The first rays of light are just visible on the horizon and a memorial service is taking place. We were fighting sleep and the cold, but our soldiers were fighting men, other boys, other sons and brothers. 45 minutes on and the laying of wreaths marks the end of the service. Not one solider who fought at Gallipoli is still alive, but the thousands who attend this service and the thousands more services around the world all gather and remember them so their stories and spirits can live on. We head down to the beach and put ourselves in the soldiers’ shoes. We look up at the cliffs, at the rugged terrain and imagine the men fighting their way up. An Australian, New Zealand and Turkish flag hang on their poles, blowing ever so gently in the breeze.

We start the walk up to Lone Pine, almost 4km up the hill. An Australian service takes place here, on the site of the bloodiest battles during the whole campaign. Fighting was at close quarters in the Turkish trenches – not only guns, but with their bare hands, fists and knives. A pine tree, overlooking the soldiers’ graves, is a reminder of what the landscape once looked like before the battle, before the land would have looked like a war zone – literally. The pine was planted to symbolise the name the soldiers gave to this place, named after a popular song of the time. It’s incredible to be here at the Lone Pine memorial site – the size of a football field – where we were told up to 10,000 soldiers (Turkish and Australian) are believed to have died here, their remains still in the ground. It’s a solemn place, but one we should all visit and take the time to remember.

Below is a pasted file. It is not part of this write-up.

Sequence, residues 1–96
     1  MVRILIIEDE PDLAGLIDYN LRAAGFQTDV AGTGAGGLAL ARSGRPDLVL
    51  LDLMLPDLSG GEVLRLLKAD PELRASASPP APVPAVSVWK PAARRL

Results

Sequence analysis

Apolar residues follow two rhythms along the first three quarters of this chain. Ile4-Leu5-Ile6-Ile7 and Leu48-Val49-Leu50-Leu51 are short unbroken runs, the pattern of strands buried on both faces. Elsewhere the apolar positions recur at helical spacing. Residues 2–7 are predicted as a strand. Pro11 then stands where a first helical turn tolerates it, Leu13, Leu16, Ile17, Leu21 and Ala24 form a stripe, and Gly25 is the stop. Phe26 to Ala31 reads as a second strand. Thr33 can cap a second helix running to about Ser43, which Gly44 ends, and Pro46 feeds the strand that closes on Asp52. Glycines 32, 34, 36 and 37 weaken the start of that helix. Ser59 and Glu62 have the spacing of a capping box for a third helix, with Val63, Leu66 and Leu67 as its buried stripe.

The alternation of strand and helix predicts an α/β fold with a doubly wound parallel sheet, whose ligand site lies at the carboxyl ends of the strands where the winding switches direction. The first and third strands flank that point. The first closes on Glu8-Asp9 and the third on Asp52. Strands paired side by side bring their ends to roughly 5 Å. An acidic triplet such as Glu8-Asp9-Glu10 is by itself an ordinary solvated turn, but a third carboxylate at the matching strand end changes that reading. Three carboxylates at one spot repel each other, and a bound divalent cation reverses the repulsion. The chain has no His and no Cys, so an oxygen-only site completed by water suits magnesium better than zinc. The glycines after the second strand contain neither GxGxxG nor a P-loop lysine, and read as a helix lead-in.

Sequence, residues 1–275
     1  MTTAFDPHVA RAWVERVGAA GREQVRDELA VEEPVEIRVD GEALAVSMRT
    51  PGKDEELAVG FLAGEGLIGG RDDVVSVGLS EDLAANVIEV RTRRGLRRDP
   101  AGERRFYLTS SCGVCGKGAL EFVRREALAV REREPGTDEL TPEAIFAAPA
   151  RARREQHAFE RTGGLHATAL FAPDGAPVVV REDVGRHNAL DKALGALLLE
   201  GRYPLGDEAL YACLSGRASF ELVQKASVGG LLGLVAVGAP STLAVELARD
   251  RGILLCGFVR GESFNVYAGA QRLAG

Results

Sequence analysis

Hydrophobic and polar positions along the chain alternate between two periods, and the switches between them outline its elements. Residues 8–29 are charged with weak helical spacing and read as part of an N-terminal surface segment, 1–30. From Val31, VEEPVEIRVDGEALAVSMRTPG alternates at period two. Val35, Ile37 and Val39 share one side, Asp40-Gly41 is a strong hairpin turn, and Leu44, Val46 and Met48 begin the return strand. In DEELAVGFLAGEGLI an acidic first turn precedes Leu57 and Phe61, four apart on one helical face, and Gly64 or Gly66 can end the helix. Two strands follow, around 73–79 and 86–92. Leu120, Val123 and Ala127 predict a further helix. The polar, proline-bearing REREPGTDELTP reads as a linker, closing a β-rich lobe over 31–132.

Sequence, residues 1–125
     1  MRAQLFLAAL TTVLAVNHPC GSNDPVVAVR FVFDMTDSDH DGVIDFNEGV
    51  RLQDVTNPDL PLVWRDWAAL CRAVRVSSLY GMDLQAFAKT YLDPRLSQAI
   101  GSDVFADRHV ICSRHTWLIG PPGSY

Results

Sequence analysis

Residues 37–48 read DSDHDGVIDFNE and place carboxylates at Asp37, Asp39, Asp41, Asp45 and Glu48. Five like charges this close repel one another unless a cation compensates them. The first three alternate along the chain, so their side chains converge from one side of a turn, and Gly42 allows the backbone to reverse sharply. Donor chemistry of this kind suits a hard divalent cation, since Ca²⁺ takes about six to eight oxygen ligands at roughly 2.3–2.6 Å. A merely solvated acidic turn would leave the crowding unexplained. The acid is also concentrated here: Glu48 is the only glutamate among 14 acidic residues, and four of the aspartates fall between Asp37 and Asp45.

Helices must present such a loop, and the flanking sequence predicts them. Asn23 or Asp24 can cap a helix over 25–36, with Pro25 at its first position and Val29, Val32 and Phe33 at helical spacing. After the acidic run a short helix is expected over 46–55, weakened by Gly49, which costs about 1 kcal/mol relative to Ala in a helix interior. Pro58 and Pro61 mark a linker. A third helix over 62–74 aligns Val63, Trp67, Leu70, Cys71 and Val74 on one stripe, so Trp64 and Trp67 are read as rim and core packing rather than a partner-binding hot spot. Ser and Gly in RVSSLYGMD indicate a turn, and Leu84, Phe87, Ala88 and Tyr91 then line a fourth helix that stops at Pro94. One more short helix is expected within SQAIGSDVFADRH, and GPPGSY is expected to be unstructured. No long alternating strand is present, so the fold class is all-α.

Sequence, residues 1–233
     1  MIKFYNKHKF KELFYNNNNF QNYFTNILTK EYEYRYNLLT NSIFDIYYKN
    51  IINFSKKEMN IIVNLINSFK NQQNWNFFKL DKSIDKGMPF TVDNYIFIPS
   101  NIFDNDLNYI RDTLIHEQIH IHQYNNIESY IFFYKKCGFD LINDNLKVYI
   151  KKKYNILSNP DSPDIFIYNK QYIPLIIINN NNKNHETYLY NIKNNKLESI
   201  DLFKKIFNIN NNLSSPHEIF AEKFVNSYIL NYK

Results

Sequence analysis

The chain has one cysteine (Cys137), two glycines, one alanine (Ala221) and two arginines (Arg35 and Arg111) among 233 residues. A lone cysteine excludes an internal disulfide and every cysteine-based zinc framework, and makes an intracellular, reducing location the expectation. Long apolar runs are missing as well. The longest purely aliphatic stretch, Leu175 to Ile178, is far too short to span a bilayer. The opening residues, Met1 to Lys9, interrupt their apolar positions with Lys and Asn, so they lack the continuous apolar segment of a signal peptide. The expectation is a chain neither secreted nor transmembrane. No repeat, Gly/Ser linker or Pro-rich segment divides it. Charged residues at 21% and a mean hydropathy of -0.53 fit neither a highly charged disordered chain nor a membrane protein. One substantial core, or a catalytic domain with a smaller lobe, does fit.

We’re glad we got to experience the place where the Anzac legend was born, a must-do pilgrimage and right of passage for any Australian and New Zealander. It is our patriotic duty to stand in place and remember the acts of these brave soldiers who fought to secure the freedoms that I know we certainly take for granted today.

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3 Responses to “Turkey, a Saga. Part 3”

  1. Carol Edwards May 10, 2011 at 4:50 PM #

    Melinda, reading each of your Blogs is an absolute pleasure. Your writing makes all of your adventures seem so real and many of us look forward to each instalment of your experiences. Keep up the excellent work. Someone even suggested to me that you should be writing a novel! Of course Matt’s blogs are interesting reading too! Wouldn’t want Matt to feel left out.

  2. Mel May 11, 2011 at 5:29 AM #

    Thanks Carol – really love hearing the great feedback. It’s something that I love doing, so it’s nice to know others enjoy reading my stuff too! You never know, maybe I should try and publish a travel book… thanks for the encouraging words. xo

  3. Mel May 11, 2011 at 5:30 AM #

    Oh, and Matt’s blogs are equally as entertaining in his own way. He has another one in the pipeline, so hopefully he’ll find the time to post another one soon xo

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today was meaningful

a collection of thoughts, life lessons, and days full of meaning.

Liv Hambrett

An Australian in Germany